Photo by Wendy Davis

The county board health committee looks over the animal control ordinance revision.

There’s a change coming Jan. 1, 2020, in regards to registering pet cats.

The Iroquois County Board Health Committee approved the addition of cats to its animal control ordinance. This is under state law, 510 ILCS 5/8.

It was stressed that this change is only for cats which are pets, defined as “companion animal” or “domesticated animal normally maintained in or near the household of the owner or caregiver”.

A “stray dog or cat” means any dog or cat not on the premises of the owner and not wearing a valid rabies and registration tag, according to the ordinance.

As for registration, “Every owner of a cat that is a companion animal and is four month or more of age shall have each cat inoculated against rabies by a licensed veterinarian. Every cat that is a companion animal shall have a second rabies vaccination within one year of the first. Terms of subsequent vaccine administration and duration of immunity must be in compliance with USDA licenses of vaccines used. This subsection does not apply to feral cats; however, if a feral cat is presented to a licensed veterinarian for sterilization, the feral cat shall be inoculated against rabies, unless the person presenting the feral cat for care provides an inoculation certificate showing that the feral cat has been inoculated against rabies, and the cost of the inoculation shall be paid by the person presenting the feral cat to a licensed veterinarian for animal care.”

The registration fee for companion cats is $15 a year for altered cats or kittens under the age of nine months, $30 for three years for altered cats, $35 a year for unaltered cats, and $60 for three years for unaltered cats. This is the same as for dogs.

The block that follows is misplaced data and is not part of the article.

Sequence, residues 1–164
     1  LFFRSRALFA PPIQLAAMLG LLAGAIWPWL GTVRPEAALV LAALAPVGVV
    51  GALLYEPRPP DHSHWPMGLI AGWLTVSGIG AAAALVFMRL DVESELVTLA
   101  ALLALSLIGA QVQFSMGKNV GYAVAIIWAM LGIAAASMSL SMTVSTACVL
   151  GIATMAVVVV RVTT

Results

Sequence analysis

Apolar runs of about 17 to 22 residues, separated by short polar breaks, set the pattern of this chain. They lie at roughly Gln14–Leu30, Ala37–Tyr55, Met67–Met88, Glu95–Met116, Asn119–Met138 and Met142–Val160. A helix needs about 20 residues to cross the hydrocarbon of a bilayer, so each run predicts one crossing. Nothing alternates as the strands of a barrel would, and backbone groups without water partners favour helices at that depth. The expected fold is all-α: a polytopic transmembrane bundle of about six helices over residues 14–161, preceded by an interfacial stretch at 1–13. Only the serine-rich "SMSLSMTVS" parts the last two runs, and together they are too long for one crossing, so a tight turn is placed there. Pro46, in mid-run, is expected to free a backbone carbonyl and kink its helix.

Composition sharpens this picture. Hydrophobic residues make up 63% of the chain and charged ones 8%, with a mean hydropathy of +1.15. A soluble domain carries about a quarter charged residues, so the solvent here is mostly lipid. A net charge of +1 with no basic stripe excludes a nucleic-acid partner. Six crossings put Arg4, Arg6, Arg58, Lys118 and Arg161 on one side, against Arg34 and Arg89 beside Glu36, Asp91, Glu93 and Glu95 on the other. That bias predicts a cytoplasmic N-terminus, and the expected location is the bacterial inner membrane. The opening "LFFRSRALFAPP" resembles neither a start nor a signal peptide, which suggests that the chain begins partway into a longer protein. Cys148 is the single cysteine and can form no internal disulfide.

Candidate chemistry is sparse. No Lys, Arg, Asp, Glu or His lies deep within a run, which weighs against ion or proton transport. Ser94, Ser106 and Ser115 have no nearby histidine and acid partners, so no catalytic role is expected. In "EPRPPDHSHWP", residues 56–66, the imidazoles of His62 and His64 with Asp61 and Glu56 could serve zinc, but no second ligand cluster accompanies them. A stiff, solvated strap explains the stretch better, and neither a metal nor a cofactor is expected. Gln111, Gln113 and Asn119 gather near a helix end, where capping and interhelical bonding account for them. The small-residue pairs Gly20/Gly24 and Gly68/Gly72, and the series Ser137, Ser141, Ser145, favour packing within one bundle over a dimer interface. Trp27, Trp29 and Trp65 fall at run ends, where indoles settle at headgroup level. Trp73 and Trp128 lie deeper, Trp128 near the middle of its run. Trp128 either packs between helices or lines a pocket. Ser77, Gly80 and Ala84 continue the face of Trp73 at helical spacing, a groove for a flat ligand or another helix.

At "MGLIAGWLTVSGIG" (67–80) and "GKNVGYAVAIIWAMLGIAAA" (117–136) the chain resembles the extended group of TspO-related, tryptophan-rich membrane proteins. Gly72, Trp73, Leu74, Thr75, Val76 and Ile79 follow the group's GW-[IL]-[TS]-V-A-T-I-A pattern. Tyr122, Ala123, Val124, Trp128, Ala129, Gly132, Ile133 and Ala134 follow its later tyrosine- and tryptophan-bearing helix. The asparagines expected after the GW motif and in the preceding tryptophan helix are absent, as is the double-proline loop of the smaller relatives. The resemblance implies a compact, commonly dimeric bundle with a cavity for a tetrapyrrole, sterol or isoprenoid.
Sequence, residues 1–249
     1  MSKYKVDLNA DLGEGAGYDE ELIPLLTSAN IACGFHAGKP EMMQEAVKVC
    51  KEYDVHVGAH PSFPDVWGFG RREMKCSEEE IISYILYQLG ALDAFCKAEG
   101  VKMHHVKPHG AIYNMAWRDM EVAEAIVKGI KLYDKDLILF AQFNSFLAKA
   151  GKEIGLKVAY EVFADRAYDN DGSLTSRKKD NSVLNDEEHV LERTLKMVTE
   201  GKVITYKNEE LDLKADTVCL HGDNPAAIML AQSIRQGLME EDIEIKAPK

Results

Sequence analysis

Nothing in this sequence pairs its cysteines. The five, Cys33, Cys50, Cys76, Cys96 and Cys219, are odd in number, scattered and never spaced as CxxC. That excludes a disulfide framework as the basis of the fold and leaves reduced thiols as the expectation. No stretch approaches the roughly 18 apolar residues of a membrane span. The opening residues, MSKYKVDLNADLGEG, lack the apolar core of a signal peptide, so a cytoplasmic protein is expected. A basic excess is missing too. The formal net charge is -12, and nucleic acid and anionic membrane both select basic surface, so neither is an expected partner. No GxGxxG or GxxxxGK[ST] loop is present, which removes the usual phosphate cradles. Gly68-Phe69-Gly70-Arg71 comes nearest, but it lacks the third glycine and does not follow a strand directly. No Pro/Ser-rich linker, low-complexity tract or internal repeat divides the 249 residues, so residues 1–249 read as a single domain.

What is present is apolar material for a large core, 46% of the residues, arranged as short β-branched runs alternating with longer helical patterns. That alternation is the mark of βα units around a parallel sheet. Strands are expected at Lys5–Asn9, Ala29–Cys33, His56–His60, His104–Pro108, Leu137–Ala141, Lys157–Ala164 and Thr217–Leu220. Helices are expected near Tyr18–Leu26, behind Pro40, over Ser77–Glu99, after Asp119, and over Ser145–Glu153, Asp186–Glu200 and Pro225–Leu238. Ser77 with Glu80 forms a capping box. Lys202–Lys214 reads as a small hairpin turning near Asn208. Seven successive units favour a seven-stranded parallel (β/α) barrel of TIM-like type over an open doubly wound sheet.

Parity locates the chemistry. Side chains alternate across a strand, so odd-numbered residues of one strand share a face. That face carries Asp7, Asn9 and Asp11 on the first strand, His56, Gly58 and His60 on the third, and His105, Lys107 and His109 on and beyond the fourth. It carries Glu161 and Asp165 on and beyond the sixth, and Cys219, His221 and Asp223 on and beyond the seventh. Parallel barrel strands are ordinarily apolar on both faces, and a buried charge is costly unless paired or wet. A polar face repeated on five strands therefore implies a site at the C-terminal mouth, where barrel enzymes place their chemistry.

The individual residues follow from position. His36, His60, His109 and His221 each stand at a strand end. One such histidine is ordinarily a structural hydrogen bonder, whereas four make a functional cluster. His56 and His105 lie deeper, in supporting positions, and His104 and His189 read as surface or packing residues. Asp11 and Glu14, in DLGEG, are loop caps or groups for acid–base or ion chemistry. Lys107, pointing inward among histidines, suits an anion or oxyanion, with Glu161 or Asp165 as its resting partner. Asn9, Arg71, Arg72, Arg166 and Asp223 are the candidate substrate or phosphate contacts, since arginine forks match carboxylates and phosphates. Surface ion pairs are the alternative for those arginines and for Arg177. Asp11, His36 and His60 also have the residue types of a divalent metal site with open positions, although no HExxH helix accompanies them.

Also at the meeting, committee member Kevin Coughenour expressed concern about food permits. He questioned what the rules are for needing permits for a family gathering or a neighborhood party.

Iroquois County Public Health Department Administrator Dee Schippert explained when it’s needed.

She said it’s “when food is served to the public as a whole”.

“Anything private, we don’t have jurisdiction over it.”

She said when there’s something advertised, like a business customer appreciation event, it would be needed.

“We’re seeing more and more pop up events where food is being served,” she said. And because of this, she said she plans on asking the ICPHD Board of Health members if they’d be okay with changing the permit fees, offering a three-day permit for $25. Usual fees are $75.

She said she wants to encourage the public to get the proper permits when they’re required, but the permits are not set to be a money maker for the health department.